CON­FES­SIONS OF DY­NAMIC DUOS

RUN­NING A BUSI­NESS WITH YOUR SPOUSE

National Post (Latest Edition) - - Entrepreneur - BY DEENA WAISBERG

Many cou­ples fan­ta­size about work­ing to­gether. But only about 5% of those that go into busi­ness to­gether can make the ven­ture work, ac­cord­ing to Azriela Jaffe, au­thor of Honey, I Want to Start My Own Busi­ness, A Plan­ning Guide for Cou­ples. Four cou­ples who have tied a dou­ble knot share their se­crets to suc­cess, in­clud­ing “dos” and “don’ts” for co­en­trepreneur­ship.

A com­mon thread among the cou­ples was that co-en­trepreneurs are more likely to be suc­cess­ful if they have com­ple­men­tary skills be­cause a busi­ness re­quires dif­fer­ent tal­ents. Linda Lund­ström had a back­ground in fash­ion de­sign, while her hus­band Joel Hal­bert, who joined cloth­ing de­sign and man­u­fac­tur­ing com­pany Linda Lund­ström Inc. in 1987, is an ac­coun­tant. Farah Perel­muter did pub­lic re­la­tions for an ad­ver­tis­ing agency be­fore start­ing Speak­ers’ Spot­light in 1995 with her hus­band Martin, who is a lawyer.

Dif­fer­ent tal­ents al­so­make it eas­ier to es­tab­lish dif­fer­ent busi­ness roles, which is crit­i­cal to avoid step­ping on each other’s toes, ac­cord­ing to Mr. Hal­bert, who ad­mits that he and his wife have nev­er­the­less “done some step­ping” in the past. Ms. Lund­ström over­sees cloth­ing de­sign as well as man­u­fac­tur­ing and op­er­a­tions, whileMr. Hal­bert looks af­ter the fi­nan­cials. Mr. Perel­muter builds client re­la­tion­ships and han­dles the op­er­a­tions whileMrs. Perel­muter does all the mar­ket­ing for their com­pany and man­ages staff.

Even so,

cou­ples

are bound to

dis- agree about some busi­ness de­ci­sions and there­fore the cou­ples un­der­line that com­mu­ni­ca­tion is key while si­lence is deadly. Cal­gary-based hus­band and wife team Li­ette Tousig­nant and Kelly Krake, who in­vented the Hang and Level pic­ture-hang­ing tool, are com­mit­ted to talk­ing through dif­fer­ences of opin­ion. “In the past, there were times I didn’t com­mu­ni­catemy con­cern and a de­ci­sion didn’t turn out well. Now we speak our minds and we don’t take dis­agree­ments per­son­ally,” Ms. Tousig­nant says.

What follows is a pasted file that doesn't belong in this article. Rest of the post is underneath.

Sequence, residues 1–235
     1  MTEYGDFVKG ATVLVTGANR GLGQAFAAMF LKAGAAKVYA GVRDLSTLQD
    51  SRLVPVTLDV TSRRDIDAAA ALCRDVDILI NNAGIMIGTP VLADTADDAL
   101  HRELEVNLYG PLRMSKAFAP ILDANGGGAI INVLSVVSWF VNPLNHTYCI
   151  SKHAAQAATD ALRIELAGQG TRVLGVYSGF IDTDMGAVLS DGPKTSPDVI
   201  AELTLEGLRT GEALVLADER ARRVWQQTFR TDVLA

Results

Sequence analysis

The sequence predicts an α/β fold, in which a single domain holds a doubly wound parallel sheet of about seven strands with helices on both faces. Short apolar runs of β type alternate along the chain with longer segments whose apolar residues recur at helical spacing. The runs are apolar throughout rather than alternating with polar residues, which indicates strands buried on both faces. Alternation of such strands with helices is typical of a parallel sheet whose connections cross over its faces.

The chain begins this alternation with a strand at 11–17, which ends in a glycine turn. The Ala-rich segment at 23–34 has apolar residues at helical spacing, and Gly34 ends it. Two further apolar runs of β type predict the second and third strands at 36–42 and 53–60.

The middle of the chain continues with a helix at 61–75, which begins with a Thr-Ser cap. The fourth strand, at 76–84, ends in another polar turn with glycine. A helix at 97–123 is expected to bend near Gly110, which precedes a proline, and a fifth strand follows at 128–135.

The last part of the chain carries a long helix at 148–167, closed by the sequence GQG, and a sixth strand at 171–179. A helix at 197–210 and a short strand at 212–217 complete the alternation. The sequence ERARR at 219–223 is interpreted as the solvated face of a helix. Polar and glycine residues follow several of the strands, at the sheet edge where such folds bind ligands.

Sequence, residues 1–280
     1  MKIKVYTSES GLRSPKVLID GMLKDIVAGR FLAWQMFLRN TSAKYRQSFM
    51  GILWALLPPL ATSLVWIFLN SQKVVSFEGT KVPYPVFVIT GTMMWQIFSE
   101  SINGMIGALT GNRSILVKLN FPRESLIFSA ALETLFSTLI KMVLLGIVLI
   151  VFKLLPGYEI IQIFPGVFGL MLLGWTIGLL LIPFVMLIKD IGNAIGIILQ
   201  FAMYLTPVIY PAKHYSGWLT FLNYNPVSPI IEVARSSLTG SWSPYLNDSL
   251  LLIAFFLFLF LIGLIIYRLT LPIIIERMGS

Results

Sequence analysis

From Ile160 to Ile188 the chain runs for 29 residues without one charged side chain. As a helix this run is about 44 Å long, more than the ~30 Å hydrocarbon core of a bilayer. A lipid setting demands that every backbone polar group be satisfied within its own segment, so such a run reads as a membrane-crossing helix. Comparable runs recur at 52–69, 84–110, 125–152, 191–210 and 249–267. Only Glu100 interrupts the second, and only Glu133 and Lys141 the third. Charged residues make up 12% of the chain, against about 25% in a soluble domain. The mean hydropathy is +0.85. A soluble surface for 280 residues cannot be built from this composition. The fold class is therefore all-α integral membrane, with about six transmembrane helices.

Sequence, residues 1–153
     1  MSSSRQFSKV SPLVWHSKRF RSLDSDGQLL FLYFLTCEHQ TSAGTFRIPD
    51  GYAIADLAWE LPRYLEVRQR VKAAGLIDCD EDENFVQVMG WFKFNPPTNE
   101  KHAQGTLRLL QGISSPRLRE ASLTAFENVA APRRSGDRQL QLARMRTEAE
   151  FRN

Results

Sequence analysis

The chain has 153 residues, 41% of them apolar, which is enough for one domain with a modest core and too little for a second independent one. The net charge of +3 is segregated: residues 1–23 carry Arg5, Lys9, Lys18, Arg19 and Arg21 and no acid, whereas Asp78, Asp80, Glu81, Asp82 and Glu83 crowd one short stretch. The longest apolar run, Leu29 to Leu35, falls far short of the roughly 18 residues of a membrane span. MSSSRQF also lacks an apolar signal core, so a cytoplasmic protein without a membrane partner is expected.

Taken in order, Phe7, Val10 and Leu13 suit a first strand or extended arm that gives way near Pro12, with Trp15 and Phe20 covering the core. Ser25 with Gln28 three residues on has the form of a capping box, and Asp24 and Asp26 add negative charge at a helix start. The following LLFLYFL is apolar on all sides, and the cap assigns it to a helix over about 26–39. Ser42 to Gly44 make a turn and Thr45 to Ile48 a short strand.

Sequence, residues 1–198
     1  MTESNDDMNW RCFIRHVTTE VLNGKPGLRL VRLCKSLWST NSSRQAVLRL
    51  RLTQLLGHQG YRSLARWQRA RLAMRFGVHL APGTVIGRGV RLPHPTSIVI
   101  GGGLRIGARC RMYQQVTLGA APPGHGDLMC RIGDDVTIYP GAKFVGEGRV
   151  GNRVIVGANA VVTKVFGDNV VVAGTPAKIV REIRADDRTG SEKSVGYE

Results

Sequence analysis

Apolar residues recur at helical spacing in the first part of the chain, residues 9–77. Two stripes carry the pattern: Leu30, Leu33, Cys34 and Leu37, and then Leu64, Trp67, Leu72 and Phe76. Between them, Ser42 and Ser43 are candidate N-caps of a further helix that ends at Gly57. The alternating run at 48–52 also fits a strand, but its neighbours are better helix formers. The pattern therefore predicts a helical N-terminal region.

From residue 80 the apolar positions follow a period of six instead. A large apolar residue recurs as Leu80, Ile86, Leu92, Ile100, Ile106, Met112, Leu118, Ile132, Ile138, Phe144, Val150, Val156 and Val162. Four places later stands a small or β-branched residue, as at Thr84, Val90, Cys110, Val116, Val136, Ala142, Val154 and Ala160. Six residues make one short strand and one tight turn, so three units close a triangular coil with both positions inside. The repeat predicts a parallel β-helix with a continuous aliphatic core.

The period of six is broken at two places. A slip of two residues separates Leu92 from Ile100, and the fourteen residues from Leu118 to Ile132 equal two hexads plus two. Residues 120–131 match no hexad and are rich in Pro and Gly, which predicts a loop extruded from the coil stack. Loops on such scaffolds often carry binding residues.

Still, Mr. Hal­bert and Ms. Lund­ström em­pha­size it is im­por­tant to present a united front to em­ploy­ees. “If we have a dis­agree­ment, we iron it out be­hind closed doors be­cause if your staff see you dis­agree­ing on ma­jor is­sues, it causes un­cer­tainty,” Ms. Lund­ström says. Also it pre­vents staff run­ning from one owner to the next, if they don’t get an an­swer they want, which used to hap­pen at Lund­strom, she adds.

Ad­di­tion­ally, while at work, pro­fes- sional be­hav­iour is nec­es­sary. “We’re not hold­ing hands or lovely dovey,” says Mr. Perel­muter. Fur­ther­more, all the cou­ples say they avoid drag­ging per­sonal is­sues into work. “I used to work at one com­pany where a cou­ple who worked to­gether would get into do­mes­tic quar­rels at the of­fice. It was un­com­fort­able to watch,” Mr. Hal­bert re­calls.

Then there are the ben­e­fits, such as more flex­i­bil­ity in work hours, which suc­cess­ful cou­ples use to en­hance their home life. Ms. Tousig­nant andMr. Krake have both taken time off in the mid­dle of the day to at­tend one of their daugh­ter’s con­certs. Lind­say and Moira Merrithew, who own Stott Pi­lates, a com­pany that sells Pi­lates equip­ment and ex­er­cise videos, have also taken ad­van­tage of this flex­i­bil­ity. “When the kids were younger, Moira was able to take time off and still be able to con­trib­ute to suc­cess of the busi­ness,” Mr. Merrithew says.

How­ever, co-en­trepreneurs also end up work­ing longer hours than cou­ples who are salaried em­ploy­ees – 87 com­bined hours a week com­pared with 74, ac­cord­ing to a 1999 Sta­tis­tics Canada sur­vey called “Work­ing To­gether — Self Em­ployedCou­ples.” Re­la­tion­ships can suf­fer, if cou­ples aren’t care­ful, the Perl­muters warn. They use the drive home to switch gears and fo­cus on home and the chil­dren. Most of the cou­ples rec­om­mend di­vid­ing home and work life. But this is some­times eas­ier said than done. “We love our work and it can be dif­fi­cult to turn it off at the end of the day. Too of­ten our dis­cus­sions morph into busi­ness dis­cus­sions,” Mr. Krake ad­mits.

Be­cause Mr. Krake and Ms. Tousig­nant are liv­ing to­gether and work­ing to­gether — at home no less — they make it a pri­or­ity to carve out some “me” time. Mr. Krake and Ms. Tousig­nant work out sep­a­rately in the morn­ing— she uses the home gymin their base­ment and he goes to a lo­cal fit­ness fa­cil­ity.

Fi­nally, co-en­trepreneurs must be com­mit­ted to the busi­ness and each other for bet­ter or worse. As they draw their in­come from the same source, there will be greater pres­sure if the busi­ness runs into trou­ble. Al­though Linda Lund­ström Inc. is now a healthy $10.5mil­lion busi­ness, there was a time when the com­pany was in se­ri­ous fi­nan­cial trou­ble. “Our re­la­tion­ship ac­tu­ally got stronger be­cause of it, but it was a test that could have torn us apart,” Ms. Lund­ström says.

But if there’s more risk, there is also more re­ward. “Many cou­ples don’t un­der­stand each other’s work. We share that and we’ve had a great ad­ven­ture to­gether,” Mrs. Perl­muter says.

Co-en­trepreneurs Lind­say andMoiraMer­rithew, who own Stott Pi­lates, say one of the ad­van­tages of run­ning a busi­ness to­gether is the flexible hours.

Kelly Krake and Li­ette Tousig­nant, in­ven­tors of Hang and Level pictue-hang­ing tool are com­mited to work­ing

From left, through their dif­fer­ences; Linda Lund­ström and Joel Hal­bert, own­ers of the epony­mous cloth­ing de­signer present a united front; Speak­ers’ Spot­light Martin and

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